Arun Sudhaman 29 May 2009 // 8:45PM GMT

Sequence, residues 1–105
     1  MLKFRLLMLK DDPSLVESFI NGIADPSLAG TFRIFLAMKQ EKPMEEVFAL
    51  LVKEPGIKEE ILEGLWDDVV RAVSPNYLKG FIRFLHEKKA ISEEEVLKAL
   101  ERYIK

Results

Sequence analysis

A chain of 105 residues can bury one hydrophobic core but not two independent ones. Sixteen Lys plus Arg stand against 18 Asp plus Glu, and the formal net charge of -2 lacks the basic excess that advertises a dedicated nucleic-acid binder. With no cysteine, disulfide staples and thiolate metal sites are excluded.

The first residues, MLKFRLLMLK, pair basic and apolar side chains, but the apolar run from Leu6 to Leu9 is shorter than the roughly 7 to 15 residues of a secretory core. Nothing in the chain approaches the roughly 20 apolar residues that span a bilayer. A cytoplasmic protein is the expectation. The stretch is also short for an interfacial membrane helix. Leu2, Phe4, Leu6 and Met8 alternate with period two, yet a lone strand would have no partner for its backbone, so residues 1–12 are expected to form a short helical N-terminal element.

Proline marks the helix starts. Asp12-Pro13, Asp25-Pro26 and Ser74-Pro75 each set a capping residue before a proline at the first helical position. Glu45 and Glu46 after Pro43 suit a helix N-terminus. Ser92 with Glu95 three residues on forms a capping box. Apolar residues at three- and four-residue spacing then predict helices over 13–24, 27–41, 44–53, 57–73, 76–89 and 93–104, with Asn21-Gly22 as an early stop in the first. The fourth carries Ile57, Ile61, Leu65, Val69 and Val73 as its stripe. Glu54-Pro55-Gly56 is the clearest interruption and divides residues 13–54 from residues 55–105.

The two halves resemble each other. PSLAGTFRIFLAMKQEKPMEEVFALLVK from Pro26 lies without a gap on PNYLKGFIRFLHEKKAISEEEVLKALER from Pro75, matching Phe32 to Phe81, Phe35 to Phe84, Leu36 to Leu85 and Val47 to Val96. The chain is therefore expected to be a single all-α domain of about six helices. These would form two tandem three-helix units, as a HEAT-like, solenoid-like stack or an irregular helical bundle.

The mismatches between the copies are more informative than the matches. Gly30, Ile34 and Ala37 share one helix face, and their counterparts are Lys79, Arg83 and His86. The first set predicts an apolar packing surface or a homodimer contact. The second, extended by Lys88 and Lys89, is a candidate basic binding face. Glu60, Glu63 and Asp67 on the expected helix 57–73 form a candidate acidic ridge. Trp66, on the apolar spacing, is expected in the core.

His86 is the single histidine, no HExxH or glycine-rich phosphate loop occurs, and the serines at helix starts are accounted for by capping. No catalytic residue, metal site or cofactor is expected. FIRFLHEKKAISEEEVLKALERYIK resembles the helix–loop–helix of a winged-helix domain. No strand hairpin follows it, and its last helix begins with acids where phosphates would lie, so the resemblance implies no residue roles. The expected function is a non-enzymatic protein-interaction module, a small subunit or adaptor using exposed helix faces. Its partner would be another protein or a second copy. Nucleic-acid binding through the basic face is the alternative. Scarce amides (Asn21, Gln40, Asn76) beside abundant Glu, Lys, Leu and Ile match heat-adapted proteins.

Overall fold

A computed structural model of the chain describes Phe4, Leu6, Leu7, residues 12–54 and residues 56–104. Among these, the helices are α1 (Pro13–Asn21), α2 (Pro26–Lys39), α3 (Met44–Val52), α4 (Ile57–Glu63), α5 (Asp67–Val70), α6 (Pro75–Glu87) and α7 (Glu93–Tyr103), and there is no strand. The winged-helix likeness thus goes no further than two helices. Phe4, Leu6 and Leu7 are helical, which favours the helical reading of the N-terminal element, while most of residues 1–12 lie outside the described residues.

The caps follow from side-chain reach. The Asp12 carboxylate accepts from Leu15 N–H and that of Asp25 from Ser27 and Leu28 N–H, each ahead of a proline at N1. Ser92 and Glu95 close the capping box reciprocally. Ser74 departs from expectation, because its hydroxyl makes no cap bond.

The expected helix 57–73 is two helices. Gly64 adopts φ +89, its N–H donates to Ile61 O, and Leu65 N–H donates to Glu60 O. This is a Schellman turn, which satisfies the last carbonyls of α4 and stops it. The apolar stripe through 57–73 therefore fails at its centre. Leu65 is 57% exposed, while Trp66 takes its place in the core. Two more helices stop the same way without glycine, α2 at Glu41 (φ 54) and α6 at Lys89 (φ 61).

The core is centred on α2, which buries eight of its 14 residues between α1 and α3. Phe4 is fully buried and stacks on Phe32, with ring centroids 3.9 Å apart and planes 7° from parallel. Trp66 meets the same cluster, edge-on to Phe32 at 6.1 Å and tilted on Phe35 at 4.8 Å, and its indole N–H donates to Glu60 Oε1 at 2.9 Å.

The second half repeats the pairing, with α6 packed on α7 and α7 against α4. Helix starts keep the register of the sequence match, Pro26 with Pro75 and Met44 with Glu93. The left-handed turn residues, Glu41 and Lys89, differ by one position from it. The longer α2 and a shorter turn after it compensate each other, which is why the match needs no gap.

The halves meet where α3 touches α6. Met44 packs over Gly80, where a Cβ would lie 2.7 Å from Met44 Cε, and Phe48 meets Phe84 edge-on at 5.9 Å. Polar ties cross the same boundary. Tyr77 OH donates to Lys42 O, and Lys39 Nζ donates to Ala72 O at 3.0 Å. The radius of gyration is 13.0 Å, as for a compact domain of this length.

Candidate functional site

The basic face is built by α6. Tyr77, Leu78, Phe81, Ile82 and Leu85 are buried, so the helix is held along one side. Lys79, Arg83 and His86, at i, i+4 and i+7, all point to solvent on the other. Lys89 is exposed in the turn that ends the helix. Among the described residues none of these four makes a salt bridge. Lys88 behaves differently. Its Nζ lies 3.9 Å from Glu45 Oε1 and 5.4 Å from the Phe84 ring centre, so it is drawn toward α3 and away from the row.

I’ll admit that, like any good journalist, I was rather cynical about the importance of CSR to the corporate communications agenda once the recession began to bite. This attitude only hardened when we uncovered that Microsoft was cutting a swathe through its CSR PR budget, as documented in this article in PRWeek. Throughout the conversations I was having with people, which included a dedicated research study we commissioned with Populus, one point was made to me repeatedly. Companies were not about to start retreating from their CSR commitments, even if the PR budgets around those programmes might face pressure. I was sceptical. Turns out, I may have been wrong. This week has brought a veritable deluge of good news for the sustainability lobby, starting with the news that Ogilvy and Mandate are both setting up dedicated CSR units in response to increasing demand. I explored the OgilvyEarth story in a little more detail for MediaAsia, given the leading roles played by Ogilvy CEO Miles Young and ECD Tham Khai Meng, both of whom shifted from Asia to global roles in New York at the start of this year. What interested me most was the consumers insight around which OgilvyEarth built its upcoming UN Climate Change Conference communications campaign. Specifically, according to OgilvyEarth MD Seth Farbman, they found that the consumers are much more likely to respond to an environmental message when it is couched in economic terms. This is, pretty much, the same insight we uncovered via the Populus research, as examined in this feature in PRWeek. It may sound a blindingly obvious conclusion, given the current financial woes, but then all the best insights are, aren’t they? The Economist also seems to think that CSR will only emerge stronger from the recession. As one agency chief said to me the other day, perhaps the market is ‘conditioned to it’ now. I certainly hope so, because paying lip service to CSR – like so may companies still do – deserves all of the ill will it generates. Meanwhile, Ogilvy is set to expand our original research with Populus into a much fuller study of consumer attitudes towards sustainability and environmental marketing. I, for one, await those results with interest.